On Pascal’s Birthday

Albert Gleizes  en.wikipedia.org

Albert Gleizes     en.wikipedia.org

God made this machine
we call a body More complicated
than any manufacturing plant More
intricate than the folds of any flower
More disciplined than any computer
better designed than any fine Rolex
engineered to run on natural fuel
to be its own 3D printer

God created this library
we call a mind Stacks upon stacks
of tiny little books filled with the data
accumulated over a lifetime Organized
in bits of creative image & information
all accessible by a trigger of a thought
a simple tap on a mental keyboard
to run the very latest OS

God gave us a compass
we call a conscience This spirit guide
constantly at work correcting our path
connecting the library with the machine
sometimes despised as that Light shines
on the folly of our choices Other times
sought when lost in our disintegration
to be our built`in GPS

“Man is to himself the most wonderful object in nature;
for he cannot conceive what the body is, still less what the mind is,
and least of all how a body should be united to a mind. This is
the consummation of his difficulties, and yet it is his very being.” 
~ Blaise Pascal

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About Peter Notehelfer

I'm a retired people person who now finds the time to watch the little details of the world without worrying about being watched by anyone . . . I live on an Island north of Seattle with my wife named Ellen, a yellow dog named McGee, a yellow cat named Gatzby, and four fine chickens . . . I read fiction, bake bread, smoke salmon, and fish whenever the weather allows . . . Oh, and yes, I try to write a poem every day simply to avoid senility!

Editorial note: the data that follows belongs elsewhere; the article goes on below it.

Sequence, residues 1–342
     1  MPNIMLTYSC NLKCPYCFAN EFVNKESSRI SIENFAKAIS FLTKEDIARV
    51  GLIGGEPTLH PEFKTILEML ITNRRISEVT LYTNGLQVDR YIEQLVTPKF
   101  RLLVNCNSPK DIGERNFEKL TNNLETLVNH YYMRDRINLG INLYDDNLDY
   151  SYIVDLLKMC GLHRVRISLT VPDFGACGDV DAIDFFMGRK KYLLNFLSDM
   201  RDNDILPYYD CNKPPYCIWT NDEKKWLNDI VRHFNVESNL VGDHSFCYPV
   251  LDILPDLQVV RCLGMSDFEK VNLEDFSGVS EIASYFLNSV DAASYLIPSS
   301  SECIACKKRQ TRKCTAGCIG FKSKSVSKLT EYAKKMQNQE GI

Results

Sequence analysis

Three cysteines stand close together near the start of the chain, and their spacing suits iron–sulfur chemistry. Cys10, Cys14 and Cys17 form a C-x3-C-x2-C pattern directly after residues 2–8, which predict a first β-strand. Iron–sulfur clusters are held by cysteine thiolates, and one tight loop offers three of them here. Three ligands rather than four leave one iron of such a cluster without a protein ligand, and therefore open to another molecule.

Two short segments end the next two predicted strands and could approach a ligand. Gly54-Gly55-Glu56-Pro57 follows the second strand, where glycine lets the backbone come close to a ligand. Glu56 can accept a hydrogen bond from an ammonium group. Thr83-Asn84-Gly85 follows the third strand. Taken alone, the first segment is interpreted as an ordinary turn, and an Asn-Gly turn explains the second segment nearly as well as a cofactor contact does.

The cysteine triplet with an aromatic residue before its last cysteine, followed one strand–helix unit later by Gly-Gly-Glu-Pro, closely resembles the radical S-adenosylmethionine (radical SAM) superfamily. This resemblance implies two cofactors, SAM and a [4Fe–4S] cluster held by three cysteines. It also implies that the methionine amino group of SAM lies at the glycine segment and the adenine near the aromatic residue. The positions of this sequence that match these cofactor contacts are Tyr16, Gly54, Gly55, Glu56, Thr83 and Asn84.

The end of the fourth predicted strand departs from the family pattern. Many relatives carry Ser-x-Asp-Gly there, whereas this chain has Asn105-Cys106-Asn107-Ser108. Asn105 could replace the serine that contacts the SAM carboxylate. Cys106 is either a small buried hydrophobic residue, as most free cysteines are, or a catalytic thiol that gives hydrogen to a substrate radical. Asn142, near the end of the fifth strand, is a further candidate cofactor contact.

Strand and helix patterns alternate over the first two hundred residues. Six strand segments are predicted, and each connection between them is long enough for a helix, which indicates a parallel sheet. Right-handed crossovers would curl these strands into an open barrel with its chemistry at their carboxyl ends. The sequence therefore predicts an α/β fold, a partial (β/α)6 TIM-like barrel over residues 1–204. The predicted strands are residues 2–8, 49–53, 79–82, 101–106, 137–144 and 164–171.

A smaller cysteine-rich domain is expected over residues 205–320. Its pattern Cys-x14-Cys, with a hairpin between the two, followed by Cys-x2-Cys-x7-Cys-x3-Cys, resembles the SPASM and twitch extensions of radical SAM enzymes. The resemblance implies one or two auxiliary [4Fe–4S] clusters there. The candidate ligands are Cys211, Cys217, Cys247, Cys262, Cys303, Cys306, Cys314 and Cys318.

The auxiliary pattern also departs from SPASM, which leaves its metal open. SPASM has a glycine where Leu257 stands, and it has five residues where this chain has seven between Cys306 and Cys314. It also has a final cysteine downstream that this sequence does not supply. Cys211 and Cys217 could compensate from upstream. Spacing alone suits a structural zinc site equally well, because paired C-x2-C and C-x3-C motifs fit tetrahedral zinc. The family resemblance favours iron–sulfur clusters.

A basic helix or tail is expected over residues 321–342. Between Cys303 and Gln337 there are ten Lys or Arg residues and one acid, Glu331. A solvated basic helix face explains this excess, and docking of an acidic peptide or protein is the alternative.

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10 Responses to On Pascal’s Birthday

  1. one can only wonder what his contribution to philosophy of religion might have been, had he been able to fully develop his Pensees

    Liked by 1 person

    • Still, he remains the forerunner of Christian thought, profoundly respected equally by both Catholic and Protestant theologians, and as such fills the chair of First Ecumenical Philosopher in most seminaries I know. Our ‘prolegomina’ lies in his pages . . . But I do agree with you . . .

      Liked by 2 people

  2. I’m glad that your little books are still accessible. I suspect the pressure has created a vacuum in mine…

    Like

  3. I need to read more from the likes of Pascal, Plato, and Newton. My head may be filled with stacks upon stacks of tiny books, but there are days when they seem vastly outnumbered by the stacks upon stacks of average size books filling my home and coming through my front door and making me wish for more time to read them. As for your poem: you’ve created some clever metaphors that carry more weight than they seem to at first glance.

    Like

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